It would seem very strange to accept that a rabbit can be fully conscious in the moment while a human cannot. Obviously, such thinking is flawed. If a rabbit can be fully conscious in the moment, then surely with the greater potential of a human, we can be super-conscious in the moment. This is true, we can, but before we can live from our superconscious state we have to live consciously. That is, conscious of consciousness. By living subconsciously, which is not bad or wrong, we are in the place where the victims of life function. This is the place of accusation and blame, of hurt and fear, of suffering and sickness.

If you are a creative person you already know that you have to be fully conscious to create anew. You can subconsciously copy and imitate, but to create something new, like a poem, or art work, or an invention, you have to be fully conscious in the moment of your creation.

It seems to be accepted today that our brain controls the way we operate in life, with the brain calling the shots. This is the subconscious functioning of the brain, and while it can be a life saver, it can also be a life destroyer. The simple reality is, you and I should be in control of our brain, not the brain in control of us. To do this requires that instead of reliving the subconscious past, we live in the conscious moment. Straight away, without any fuss or argument, the brain operates from a different level, and new potential is available.

So you want to live consciously - right? Practice being conscious. When you wake up in the morning, spend a few moments running your focussed awareness over your body. Develop a sense of conscious appreciation for the faculties of your body. Such as, I can see - God, that's wonderful. I can get out of bed and walk, fantastic. And so on. As your day unfolds, bring all these physical and mental attributes to your attention every now and again. When life gets a little threatening, put your focus on those attributes, and again 'feel' that sense of conscious appreciation. When you look at people, really 'see' them. If you choose to listen to people talking to you, really 'listen'. There is nothing that you should, or should not be, to be aware and conscious. It is about being 'fully conscious' with and of your actions. Most people are basically doing one thing while thinking about other things. Where is their attention? It is scattered and displaced. This is the place of accidents and mishaps, of pain and suffering.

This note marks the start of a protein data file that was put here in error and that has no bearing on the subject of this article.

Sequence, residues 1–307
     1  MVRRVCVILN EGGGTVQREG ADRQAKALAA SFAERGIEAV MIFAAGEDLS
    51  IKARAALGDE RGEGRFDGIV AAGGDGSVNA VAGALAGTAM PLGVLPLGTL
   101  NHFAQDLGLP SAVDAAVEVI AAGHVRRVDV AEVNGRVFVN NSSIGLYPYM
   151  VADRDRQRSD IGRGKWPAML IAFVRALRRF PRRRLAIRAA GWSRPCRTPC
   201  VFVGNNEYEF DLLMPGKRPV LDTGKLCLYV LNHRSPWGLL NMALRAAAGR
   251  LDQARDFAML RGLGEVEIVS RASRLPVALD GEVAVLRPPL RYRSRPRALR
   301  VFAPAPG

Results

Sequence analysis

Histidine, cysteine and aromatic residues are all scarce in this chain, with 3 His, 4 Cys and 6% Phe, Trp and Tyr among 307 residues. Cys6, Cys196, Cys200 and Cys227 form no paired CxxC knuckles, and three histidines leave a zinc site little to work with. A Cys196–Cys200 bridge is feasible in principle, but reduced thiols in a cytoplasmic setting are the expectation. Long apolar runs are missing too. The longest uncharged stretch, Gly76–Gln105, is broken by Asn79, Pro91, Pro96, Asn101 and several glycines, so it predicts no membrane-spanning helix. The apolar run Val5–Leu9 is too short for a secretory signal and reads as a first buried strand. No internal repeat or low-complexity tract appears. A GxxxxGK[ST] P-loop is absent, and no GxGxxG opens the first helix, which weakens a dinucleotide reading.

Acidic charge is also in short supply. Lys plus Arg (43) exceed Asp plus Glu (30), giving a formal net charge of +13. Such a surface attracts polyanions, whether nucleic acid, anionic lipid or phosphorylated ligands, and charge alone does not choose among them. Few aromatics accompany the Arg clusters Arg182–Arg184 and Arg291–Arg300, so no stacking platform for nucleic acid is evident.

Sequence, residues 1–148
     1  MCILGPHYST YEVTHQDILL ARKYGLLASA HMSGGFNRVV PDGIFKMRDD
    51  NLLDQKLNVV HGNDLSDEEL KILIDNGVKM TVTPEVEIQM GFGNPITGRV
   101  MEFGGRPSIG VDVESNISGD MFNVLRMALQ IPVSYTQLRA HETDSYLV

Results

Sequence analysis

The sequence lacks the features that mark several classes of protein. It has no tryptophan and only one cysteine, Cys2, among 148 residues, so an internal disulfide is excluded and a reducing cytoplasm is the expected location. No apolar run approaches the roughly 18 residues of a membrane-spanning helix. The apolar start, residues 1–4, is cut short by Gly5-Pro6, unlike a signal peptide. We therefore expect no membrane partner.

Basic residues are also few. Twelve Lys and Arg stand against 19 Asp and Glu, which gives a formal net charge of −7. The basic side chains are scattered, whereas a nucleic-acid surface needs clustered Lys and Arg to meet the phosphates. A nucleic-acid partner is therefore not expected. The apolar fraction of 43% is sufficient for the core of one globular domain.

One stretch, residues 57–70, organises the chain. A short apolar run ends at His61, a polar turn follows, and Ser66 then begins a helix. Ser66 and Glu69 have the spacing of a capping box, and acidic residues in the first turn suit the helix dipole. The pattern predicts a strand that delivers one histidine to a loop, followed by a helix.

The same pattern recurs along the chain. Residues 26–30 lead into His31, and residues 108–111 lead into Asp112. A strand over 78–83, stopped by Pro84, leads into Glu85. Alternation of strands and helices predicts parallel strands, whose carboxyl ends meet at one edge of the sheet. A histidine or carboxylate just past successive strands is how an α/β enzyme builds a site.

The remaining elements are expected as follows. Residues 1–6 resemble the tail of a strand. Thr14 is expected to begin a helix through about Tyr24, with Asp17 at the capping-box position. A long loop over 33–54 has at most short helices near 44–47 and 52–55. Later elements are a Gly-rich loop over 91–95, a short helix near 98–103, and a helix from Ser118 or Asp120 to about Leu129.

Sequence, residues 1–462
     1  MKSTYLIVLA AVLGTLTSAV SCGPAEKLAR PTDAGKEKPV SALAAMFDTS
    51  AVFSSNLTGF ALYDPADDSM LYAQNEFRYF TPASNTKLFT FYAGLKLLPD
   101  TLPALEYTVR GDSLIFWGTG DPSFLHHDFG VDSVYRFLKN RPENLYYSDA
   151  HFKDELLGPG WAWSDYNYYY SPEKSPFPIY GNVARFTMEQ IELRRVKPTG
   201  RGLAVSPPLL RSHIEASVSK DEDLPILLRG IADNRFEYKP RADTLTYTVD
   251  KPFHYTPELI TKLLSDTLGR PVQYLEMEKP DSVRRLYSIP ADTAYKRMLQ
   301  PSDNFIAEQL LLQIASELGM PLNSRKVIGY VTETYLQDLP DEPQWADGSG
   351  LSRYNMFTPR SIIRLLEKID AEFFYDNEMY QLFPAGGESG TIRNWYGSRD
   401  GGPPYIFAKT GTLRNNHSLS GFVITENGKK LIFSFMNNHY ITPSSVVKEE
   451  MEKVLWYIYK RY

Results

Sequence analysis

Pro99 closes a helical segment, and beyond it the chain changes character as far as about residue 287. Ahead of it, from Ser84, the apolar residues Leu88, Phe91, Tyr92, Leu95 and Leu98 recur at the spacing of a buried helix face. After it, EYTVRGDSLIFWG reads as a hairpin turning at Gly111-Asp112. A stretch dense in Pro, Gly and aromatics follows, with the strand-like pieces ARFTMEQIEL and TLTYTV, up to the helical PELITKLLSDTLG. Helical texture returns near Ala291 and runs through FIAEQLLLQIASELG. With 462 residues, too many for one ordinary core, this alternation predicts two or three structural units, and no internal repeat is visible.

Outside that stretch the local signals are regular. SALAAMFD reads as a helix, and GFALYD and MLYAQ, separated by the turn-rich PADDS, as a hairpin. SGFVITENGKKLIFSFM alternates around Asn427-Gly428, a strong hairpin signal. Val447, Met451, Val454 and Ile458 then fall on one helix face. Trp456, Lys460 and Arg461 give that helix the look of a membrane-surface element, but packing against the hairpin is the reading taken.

Nature is fully focused in doing and being as one conscious expression. People are not focused, and doing and being are mostly dual subconscious expressions in conflict. We come out the loser in this. Oh, we can be wealthy, but we still miss out in the conscious continuity of life. Life is not a 'one lifetime all over,' event. Life is a continuing process of either escalating conscious awareness, with its rewards, or declining conscious awareness, and all this invokes. When fully conscious we get to choose in life. When not fully conscious, we get our subconscious repeats, more of the same. Make a choice to live fully conscious of consciousness. This will not happen easily, but neither is it difficult. Habit is the stamping ground of the subconscious; newness is the proving ground of conscious awareness. Make your choice for newness . . . because not choosing means more of the same!

The simple reality is . . . consciousness rules, okay!

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Consciousness is not something that crops up in everyday conversation, yet it is a state of being that is with every one of us every moment...